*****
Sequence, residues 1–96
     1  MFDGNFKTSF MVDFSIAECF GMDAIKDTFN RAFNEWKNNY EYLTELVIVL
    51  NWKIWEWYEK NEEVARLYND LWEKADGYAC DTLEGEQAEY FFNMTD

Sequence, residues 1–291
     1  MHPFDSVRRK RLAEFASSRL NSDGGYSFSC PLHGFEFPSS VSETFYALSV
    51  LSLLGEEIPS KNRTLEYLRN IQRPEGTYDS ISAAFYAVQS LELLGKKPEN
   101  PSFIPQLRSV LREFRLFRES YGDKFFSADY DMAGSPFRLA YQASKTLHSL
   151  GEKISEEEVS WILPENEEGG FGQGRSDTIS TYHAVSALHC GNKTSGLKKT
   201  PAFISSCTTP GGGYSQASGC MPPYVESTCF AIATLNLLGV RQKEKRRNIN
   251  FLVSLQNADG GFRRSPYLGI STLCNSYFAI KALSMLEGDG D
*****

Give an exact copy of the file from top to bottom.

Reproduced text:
Sequence, residues 1–96
     1  MFDGNFKTSF MVDFSIAECF GMDAIKDTFN RAFNEWKNNY EYLTELVIVL
    51  NWKIWEWYEK NEEVARLYND LWEKADGYAC DTLEGEQAEY FFNMTD

Sequence, residues 1–291
     1  MHPFDSVRRK RLAEFASSRL NSDGGYSFSC PLHGFEFPSS VSETFYALSV
    51  LSLLGEEIPS KNRTLEYLRN IQRPEGTYDS ISAAFYAVQS LELLGKKPEN
   101  PSFIPQLRSV LREFRLFRES YGDKFFSADY DMAGSPFRLA YQASKTLHSL
   151  GEKISEEEVS WILPENEEGG FGQGRSDTIS TYHAVSALHC GNKTSGLKKT
   201  PAFISSCTTP GGGYSQASGC MPPYVESTCF AIATLNLLGV RQKEKRRNIN
   251  FLVSLQNADG GFRRSPYLGI STLCNSYFAI KALSMLEGDG D